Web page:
Welcome to Dr. Frederick Douglass Opie's personal website

AB, 101 Fast Food Head Shot.2jpg.jpg

Christmas Food Traditions in the UK

1700 British dinning scene (Courtesy of the Library of Congress)  
By Claire Cullen

The culinary differences in Christmas traditions can be seen in the British propensity to feast on puddings. Christmas pudding, plum pudding, or figgy pudding as it is known in the carol We Wish You A Merry Christmas, is usually eaten in the UK on Christmas Day, as a dessert after the main Christmas meal, and it represents the traditional use in the northern hemisphere of fruits, spices and brandy to celebrate the midwinter turn back towards lengthening days and warmer weather. Dried fruits, nuts, and spices are commonly found in Christmas dishes such as fruitcake, stollen and panettone, and this is a reminder of the difficulty our ancestors would have faced in obtaining these luxuries, particularly during the winter months, when the only fruit available would have to be dried or otherwise preserved. The smells and tastes of Christmas might make us feel festive today, but in the past, they would have been even more special.

Recipe for Christmas Pudding
12 oz fresh white breadcrumbs
12 oz plain flour
1 teaspoon salt
12 oz shredded suet
8 oz caster sugar
8 oz soft brown sugar
half a teaspoon each of ground ginger, nutmeg and cinnamon
6 oz chopped almonds or other nuts
6 oz mixed candied peel, finely chopped
8 oz peeled and chopped apples
10 oz currants
8 oz sultanas
1 lb seedless raisins
rinds and juice of 1 lemon and 1 orange
4 tablespoons brandy
3 large eggs, beaten
about 1/4 pint milk
Other dried fruit can be substituted, such as figs to make a figgy pudding.

1. Mix together the dry ingredients, fruit and nuts.
2. Combine the fruit juices, brandy and beaten eggs and stir into the mixture.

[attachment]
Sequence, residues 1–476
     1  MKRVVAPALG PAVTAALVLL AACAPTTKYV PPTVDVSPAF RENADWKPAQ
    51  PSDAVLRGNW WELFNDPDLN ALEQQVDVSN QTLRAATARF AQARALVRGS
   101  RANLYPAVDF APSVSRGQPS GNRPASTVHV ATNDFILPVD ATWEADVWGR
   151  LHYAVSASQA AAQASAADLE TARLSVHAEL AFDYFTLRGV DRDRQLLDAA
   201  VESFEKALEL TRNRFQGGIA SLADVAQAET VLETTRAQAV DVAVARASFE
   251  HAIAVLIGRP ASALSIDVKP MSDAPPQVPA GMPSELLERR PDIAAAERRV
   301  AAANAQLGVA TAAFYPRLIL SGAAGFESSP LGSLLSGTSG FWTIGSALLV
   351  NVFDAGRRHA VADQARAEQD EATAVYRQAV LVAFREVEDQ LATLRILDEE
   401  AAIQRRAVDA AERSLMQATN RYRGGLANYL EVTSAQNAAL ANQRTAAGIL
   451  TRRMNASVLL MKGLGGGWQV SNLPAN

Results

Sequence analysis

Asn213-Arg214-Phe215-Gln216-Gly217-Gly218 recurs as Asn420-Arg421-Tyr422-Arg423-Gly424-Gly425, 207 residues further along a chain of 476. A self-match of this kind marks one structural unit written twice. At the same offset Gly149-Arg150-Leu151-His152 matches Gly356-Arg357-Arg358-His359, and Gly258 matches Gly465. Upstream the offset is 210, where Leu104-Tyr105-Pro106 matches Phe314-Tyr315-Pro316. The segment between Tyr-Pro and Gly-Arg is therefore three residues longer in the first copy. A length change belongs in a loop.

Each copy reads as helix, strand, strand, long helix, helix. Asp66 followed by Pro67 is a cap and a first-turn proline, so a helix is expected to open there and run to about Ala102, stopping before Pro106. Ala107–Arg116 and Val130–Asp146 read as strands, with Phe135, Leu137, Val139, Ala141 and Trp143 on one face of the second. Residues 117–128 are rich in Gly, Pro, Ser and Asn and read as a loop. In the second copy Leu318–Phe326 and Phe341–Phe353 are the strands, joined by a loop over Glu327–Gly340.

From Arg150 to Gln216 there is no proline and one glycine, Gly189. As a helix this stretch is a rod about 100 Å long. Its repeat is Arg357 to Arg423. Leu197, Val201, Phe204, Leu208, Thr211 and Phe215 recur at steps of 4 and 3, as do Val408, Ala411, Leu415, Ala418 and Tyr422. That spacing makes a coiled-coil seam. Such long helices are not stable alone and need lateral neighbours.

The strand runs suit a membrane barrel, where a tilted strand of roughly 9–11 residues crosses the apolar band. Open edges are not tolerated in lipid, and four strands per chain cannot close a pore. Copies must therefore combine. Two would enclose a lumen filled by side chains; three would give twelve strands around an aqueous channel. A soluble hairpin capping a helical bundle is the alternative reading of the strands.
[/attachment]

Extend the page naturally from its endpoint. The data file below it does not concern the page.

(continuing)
3. Add enough milk to give the mixture a soft consistency, then cover and leave overnight.
4. Stir the mixture then spoon into a greased pudding basin or deep heatproof bowl. Cover the top of the pudding with a circle of greaseproof paper, and then place a circle of foil over this, using string to tie them around the rim of the bowl. Each circle should be about an inch larger than the bowl, around all sides.
5. Place the bowl inside a large pan, half-filled with water. Cover, and steam for 9 hours, topping up the water as necessary.
6. Remove the foil, leaving the paper in place, and leave to cool, then over with a fresh circle of foil, secured with string, and store in a cool, dry place.
7. Use immediately, or store until needed. Steam again for three hours when ready to serve, then turn out onto a serving dish. An alternative to steaming the pudding in a bowl is to take the more traditional route of wrapping it in cloth and boiling it.

*Claire Cullen is a Free Lance Writer

More Pudding Stories and Recipes: http://www.foodasalens.com/search?q=Pudding

British Influence on North American Foodways Series with Recipes: http://www.foodasalens.com/search?q=British+Influences+on+North+American+Foodways+

British Influences on American Christmas Traditions

Christmas Food Traditions